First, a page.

It’s that time of year… check all the food and water in your emergency kit and if the best before date is within the next 15 months, replace it and consume it.
To learn more about emergency planning, what to pack and how to be prepared go to http://www.getprepared.ca
I attended a Thanksgiving dinner today and was reminded how important gratitude is.
Being grateful brings humility and gladness. No matter how bad things get there is probably something we can still be grateful for.
I’m thankful for the peace I experience daily. I don’t live in a war-ridden territory, nor do I need to see my husband or brother going to fight. I know where my children are, and they are well.
I’m thankful for the basic necessities. I have uninterrupted access to clean water, shelter, heat and fresh food, as well as recreation, education and social involvement.
Every time I get over a nasty cough, I remember how grateful I am to breathe easily.
I’m amazed I can plan for my future, with some level of certainty. I am grateful for the likelihood I will live through my seventies and enjoy my children’s children.
Please add a comment – what are the things you feel gratitude for?
“Put on your oxygen mask before assisting others.” — Airline safety announcement
Self care is not about being selfish, but ensuring we have plentiful reserves. So this is not a license to spoil or over-pamper or vacation every month. It is a quite necessary activity to fully recharge rather than fritz out completely. Caring for ourselves is not egotistic or vain. It only means ensuring that our needs are met.
It’s important because our reserves are finite, similar to a battery. Our energy is used up in our daily lives in dealing with work, children, dependents, commitments, house, possessions. If we don’t fully recharge there’s not enough energy to do it properly. Too soon, the battery needs to replaced.
The first step is to make it a priority. If it’s not a priority, it won’t stick. It’s difficult to make time in a busy life, but if self care is a high enough priority, it’ll be easier to drop something less important to make the time. Once we have the time here are six ways to take better self care.
- Be nourished. Poor nutrition deprives us of energy we could be getting from healthier food. Water makes all the body’s functions work better. Exercise strengthens the heart and bones, heals the blood and limbers the joints. Duration, type and intensity are individual.
- Be rested. We need long and uninterrupted and deep enough sleep that we are refreshed each day.
- Be loved and appreciated. We all need good connections and healthy relationships from which we can draw strength.
- Don’t be stressed. Stress damages health and appearance. It shortens lifespan and decreases life quality. Getting spirituality on track is part of this too.
- Receive value. We need to have something that makes us glad. It doesn’t have to be all the time, but spending time enjoying our passions revives.
- Give back. Ironically, giving back can refresh the spirit. Too much can be taxing so we all need to find the right balance.
If there is a gap in any of these areas, it’s time to take some care of yourself. I’ve spent two nights this week at the beach, just sitting and listening to the surf, letting my mind wander and my body relax. Sometimes that’s all it takes.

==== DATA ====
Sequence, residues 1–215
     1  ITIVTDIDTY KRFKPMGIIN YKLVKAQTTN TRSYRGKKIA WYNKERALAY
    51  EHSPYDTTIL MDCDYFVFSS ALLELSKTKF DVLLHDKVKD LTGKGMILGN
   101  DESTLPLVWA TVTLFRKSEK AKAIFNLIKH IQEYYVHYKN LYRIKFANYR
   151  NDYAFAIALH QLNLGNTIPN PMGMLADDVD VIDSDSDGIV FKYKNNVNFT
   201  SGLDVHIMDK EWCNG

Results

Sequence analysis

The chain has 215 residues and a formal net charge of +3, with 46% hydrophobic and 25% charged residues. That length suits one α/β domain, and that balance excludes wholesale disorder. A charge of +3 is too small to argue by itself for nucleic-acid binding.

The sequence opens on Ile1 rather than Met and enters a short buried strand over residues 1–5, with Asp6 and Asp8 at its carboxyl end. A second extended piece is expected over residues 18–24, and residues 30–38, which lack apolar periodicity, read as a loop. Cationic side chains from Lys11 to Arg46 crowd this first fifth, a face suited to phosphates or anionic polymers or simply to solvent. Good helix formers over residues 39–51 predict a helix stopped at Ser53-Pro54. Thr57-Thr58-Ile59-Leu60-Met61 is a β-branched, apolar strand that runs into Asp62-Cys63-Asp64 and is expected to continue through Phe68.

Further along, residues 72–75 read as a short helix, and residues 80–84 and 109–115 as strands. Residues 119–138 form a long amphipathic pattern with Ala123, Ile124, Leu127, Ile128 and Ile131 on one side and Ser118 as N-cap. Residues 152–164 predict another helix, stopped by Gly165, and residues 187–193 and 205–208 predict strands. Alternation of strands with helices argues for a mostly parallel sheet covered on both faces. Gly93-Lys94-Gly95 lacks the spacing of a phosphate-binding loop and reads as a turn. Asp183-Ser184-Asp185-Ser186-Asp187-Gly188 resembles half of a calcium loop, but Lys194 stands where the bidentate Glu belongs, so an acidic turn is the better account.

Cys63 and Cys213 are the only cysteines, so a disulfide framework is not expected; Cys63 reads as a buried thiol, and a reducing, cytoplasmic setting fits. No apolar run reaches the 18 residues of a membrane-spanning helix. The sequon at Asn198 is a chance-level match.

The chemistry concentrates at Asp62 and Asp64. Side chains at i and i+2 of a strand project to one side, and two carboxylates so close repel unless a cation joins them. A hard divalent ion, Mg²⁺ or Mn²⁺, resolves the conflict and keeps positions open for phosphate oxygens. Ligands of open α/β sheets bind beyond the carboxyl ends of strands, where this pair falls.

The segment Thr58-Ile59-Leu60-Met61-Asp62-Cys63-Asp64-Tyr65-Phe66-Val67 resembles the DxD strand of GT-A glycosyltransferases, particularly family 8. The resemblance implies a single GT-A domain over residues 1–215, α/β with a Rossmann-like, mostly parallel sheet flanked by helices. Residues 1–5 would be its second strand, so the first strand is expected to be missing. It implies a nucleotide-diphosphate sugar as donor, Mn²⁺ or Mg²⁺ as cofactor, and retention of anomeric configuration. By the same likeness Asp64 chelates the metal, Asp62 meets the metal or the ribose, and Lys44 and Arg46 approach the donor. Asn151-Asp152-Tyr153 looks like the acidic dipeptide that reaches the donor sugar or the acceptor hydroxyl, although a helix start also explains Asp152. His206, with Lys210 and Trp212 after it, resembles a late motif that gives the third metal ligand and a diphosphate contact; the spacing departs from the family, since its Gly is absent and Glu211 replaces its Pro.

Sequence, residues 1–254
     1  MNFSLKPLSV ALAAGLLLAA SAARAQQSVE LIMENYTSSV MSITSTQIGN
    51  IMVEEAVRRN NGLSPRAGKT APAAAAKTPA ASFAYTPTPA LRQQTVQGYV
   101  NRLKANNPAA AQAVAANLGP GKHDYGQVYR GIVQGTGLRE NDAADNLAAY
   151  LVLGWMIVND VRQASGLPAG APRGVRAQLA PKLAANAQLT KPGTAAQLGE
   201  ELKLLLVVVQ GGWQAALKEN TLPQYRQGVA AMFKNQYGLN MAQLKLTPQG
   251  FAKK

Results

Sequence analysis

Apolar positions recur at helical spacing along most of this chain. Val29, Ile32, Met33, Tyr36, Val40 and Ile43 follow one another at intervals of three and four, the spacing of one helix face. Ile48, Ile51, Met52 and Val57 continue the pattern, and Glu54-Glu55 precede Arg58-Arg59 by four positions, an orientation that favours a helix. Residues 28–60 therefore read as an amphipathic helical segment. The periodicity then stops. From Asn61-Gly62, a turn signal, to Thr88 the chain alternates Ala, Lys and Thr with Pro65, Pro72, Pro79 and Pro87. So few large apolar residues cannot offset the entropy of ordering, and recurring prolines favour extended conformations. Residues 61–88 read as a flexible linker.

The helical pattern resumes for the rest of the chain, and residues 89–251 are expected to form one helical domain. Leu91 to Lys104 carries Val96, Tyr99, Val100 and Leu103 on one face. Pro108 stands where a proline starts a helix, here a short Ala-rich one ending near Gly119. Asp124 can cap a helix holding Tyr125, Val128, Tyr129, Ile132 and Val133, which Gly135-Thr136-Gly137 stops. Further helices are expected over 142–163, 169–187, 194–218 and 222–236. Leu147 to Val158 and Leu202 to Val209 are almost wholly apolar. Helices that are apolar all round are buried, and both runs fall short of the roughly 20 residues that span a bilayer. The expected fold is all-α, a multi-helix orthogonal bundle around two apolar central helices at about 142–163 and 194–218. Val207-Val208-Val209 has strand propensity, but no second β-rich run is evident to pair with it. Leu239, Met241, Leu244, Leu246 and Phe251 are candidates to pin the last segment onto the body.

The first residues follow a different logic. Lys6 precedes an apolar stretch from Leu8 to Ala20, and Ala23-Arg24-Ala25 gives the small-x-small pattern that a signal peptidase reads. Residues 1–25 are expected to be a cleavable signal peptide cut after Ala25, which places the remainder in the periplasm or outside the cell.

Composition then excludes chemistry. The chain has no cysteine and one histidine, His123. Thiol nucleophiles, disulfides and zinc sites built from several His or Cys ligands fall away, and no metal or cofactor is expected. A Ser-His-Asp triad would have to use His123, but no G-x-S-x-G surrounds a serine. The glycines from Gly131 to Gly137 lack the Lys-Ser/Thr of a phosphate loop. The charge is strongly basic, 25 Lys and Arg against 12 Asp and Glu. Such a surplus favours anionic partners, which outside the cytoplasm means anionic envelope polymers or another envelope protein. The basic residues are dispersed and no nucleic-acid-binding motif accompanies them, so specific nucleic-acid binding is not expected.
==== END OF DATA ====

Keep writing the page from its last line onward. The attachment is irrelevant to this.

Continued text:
Need inspiration? Please comment below with your specific example.
Last week my dentist found a cavity in my molar. Not a big one, but it came as a surprise to me. Took the peace and joy right out of my day! For the last 15 years I haven’t had any problems because I’ve been taking such good care. But now I’ve made an appointment to have my tooth drilled and filled next week.
Even when we take the best care of ourselves, our bodies age and new problems crop up. There is no prevention for getting older. The body deteriorates and there’s no point pretending otherwise. But we should do all we can to delay the inevitable and prevent unnecessary damage. It’ll bring your health bill down, too!
Here are ten great ways you keep your teeth as healthy as possible. If you’re not sure where to start or this seems like an overwhelming list, start at the first one.
- Go to the dentist every six months and follow their advice. If you do nothing else different, this twice-yearly reminder will remind you and reset your habits (for a little while, at least).
- Don’t smoke or chew tobacco.
- Drink alcohol in moderation.
- Drink water right after eating.
- Drink through a straw.
- Wait to brush 30 minutes after taking acidic food or drink.
- Don’t snack between meals.
- Brush, floss and flouride-rinse daily.
- Limit acidic foods and drinks, and don’t hold or swish them in your mouth.
- Eat a healthy diet. We all know what that is, so I won’t go into details here!
Update: I discovered two more:
- Use plaque-disclosing tablets every other month after you brush and floss. This’ll keep you doing the job correctly.
- Mind your face. Bumps, knocks and hits can break teeth, even at the root.
I took a vacation from this blog while my family traveled across Canada (a fantastic adventure!) and I’m not quite ready to return yet. There is one project I must complete before I add anything else to my busy schedule:
An emergency kit and plan.
I will be making a kit with information, phone numbers, extra clothes, food, water, and other supplies. Extra copies of important information and our plan go to an off-site location. Each person will have what they need for up to 3 days after an evacuation.
It’s definitely not minimalist but it’s important to be ready. Natural (and unnatural) disasters happen. I want to make sure my family is as ready as possible. If you want more information on preparing yourself, check out http://www.getprepared.ca
I’ll be back once that project is finished. In the meantime please feel free to leave your comments or feedback below.